Swoon Author Kristen Orlando: Prove Them Wrong
Have you ever been scared to be good at something? I have. When I fell in love with writing, I was terrified.
My father is an eye surgeon and my mother is a nurse. My uncles are orthodontists, all of our family friends are internists or cardiologists or orthopedic surgeons. Dinner parties were spent swapping stories about medical school or emergencies in the OR. I was brought up in the world of medicine and that linear path was set for me at a young age. Ace high school, get into a good college and then off to medical school. I was to follow in my father’s footsteps and become the next Dr. Orlando. But the deeper I got into high school, the more I fell head-over-heels for words. I’d spend hours in my room, writing everything from poetry and short stories to song lyrics and plays. And the more my teachers picked up on my budding ability, the tighter those knots pulled in my stomach.
If I had any talent for writing, I knew it’d take me far off the neat and tidy path of becoming a doctor. The path for a writer was like trying to whack your way through a dark, Amazonian jungle. I knew following my heart meant disappointing the people I loved the most. And that scared the crap out of me.
Whenever I thought about my future as a doctor, I’d feel sick to my stomach, like I swallowed forty pounds of lead. I somehow ignored the crushing weight of fear my entire senior year and applied to Kenyon College as a Biology major. But as I sat in my first Biology lecture, that weighty knot anchored to my gut broke free and panic clawed up my throat. I remember exactly what the professor and a student were discussing: Photosynthesis. And all of a sudden, it hit me. “You hate this,” my mind whispered. “What the hell are you doing here?” It was in that moment that my mind confirmed what my heart always knew. Medicine wasn’t my passion. Writing was. This was my life, my future, and the thought of it shouldn’t make me physically ill.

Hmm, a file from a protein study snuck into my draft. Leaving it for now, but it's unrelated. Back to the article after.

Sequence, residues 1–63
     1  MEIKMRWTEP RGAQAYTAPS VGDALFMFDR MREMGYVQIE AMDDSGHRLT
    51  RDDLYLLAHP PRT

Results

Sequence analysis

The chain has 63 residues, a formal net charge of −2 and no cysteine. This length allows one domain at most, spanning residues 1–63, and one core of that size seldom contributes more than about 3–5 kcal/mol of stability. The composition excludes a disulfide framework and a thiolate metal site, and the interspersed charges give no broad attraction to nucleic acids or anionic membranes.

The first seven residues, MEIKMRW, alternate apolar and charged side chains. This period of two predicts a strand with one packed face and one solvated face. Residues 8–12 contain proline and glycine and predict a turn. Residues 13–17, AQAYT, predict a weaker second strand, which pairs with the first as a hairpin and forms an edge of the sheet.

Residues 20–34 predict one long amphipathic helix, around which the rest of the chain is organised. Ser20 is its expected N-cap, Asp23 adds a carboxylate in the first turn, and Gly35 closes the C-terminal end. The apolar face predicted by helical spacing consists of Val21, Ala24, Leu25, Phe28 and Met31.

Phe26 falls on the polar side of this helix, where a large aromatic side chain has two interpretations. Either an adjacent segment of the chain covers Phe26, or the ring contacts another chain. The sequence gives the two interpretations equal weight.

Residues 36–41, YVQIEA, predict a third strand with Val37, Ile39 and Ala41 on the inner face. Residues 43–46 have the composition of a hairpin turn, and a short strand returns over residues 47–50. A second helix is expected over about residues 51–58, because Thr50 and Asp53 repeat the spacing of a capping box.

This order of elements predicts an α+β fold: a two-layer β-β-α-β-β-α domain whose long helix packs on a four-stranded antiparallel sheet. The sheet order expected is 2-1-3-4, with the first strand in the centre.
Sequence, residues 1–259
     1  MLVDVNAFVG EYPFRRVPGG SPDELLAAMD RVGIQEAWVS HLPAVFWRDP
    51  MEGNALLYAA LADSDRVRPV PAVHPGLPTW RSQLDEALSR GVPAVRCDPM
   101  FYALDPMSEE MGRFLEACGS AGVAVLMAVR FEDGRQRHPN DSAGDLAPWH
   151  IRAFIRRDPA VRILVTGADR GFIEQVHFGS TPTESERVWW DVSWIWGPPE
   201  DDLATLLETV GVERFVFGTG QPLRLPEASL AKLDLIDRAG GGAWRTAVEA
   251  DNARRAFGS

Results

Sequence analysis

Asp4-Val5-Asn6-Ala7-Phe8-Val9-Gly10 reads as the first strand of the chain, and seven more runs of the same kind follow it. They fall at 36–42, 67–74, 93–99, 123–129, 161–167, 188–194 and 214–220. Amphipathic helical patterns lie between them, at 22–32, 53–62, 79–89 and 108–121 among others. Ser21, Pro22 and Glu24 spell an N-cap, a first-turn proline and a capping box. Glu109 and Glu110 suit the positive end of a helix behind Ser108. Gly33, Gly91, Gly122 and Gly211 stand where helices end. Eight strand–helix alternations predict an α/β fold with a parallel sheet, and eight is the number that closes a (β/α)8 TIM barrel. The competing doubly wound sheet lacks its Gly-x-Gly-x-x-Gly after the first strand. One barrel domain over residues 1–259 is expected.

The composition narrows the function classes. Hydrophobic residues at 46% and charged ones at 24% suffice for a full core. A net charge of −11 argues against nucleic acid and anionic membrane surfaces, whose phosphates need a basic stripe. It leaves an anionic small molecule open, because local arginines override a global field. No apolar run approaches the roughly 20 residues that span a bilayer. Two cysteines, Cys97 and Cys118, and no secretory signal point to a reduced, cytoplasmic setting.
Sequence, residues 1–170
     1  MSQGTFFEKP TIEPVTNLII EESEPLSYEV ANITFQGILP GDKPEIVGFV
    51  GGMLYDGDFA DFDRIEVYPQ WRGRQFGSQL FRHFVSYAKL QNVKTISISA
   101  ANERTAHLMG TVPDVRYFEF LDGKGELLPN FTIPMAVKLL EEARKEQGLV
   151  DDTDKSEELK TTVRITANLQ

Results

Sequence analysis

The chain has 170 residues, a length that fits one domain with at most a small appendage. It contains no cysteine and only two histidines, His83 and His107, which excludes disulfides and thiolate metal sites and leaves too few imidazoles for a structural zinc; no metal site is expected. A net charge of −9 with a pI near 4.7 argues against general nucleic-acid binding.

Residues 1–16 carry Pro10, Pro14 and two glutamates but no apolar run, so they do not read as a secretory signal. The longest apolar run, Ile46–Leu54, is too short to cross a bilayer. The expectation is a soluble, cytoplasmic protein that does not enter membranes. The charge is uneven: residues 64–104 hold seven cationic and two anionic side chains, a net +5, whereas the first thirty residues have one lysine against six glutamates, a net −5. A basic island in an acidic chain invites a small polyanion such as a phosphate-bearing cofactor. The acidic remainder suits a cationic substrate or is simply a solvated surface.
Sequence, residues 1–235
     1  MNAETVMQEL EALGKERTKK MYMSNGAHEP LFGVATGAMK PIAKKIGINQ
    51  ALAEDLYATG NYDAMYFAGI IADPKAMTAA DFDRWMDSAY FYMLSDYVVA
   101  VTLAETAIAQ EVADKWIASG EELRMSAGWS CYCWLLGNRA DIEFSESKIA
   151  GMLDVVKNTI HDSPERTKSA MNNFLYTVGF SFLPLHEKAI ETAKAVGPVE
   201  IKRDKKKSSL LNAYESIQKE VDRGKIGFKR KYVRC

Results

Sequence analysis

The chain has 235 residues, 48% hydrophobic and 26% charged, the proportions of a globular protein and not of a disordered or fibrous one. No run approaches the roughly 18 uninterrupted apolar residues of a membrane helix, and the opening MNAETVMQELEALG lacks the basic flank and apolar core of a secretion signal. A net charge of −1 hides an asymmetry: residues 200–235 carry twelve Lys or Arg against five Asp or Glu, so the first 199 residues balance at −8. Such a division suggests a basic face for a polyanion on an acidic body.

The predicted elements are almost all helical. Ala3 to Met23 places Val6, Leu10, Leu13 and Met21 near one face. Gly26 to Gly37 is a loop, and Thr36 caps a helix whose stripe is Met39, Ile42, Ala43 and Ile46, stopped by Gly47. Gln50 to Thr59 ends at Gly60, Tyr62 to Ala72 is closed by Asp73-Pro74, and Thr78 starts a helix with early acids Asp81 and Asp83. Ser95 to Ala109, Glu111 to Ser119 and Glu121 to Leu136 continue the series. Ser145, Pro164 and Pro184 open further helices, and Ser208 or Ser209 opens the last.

Telling my parents I wanted to switch my major from Biology to English wasn’t easy. It was one of the hardest conversations I’ve ever had in my life. My parents didn’t understand what the hell I was going to do with an English degree and thought I was making a very foolish choice. I got off the phone crying and ran across the freshman quad to my best friend’s dorm where I cried on her bed. But as I sobbed into her pillow, she said three words to me that changed my life.
Prove them wrong.
Yes. It was that simple. Prove them wrong. With that, I dried my eyes, picked myself up off her bed and promised myself I would. From that day forward, I worked my butt off, taking every class I could to improve my writing and interning in a creative field that would allow me to pay my bills (I think that was my parents’ biggest concern. How is this girl going to make any money? I think he was afraid I was going to move to NYC, live in squalor and try to write novels).
I followed my heart and I’m so happy I gave up the safe path that was paved for me for the scarier path I wanted for myself. Today, my parents couldn’t be happier or more supportive. I’m so grateful to them for everything they’ve done for me, even for that moment of disapproval and disappointment. It was the push I needed to prove to them and myself that I could make it. I know it was that pivotal moment that helped turn me into the very best writer I could be. I’ll never stop trying to make them proud and I know they’ll never stop being my biggest fans.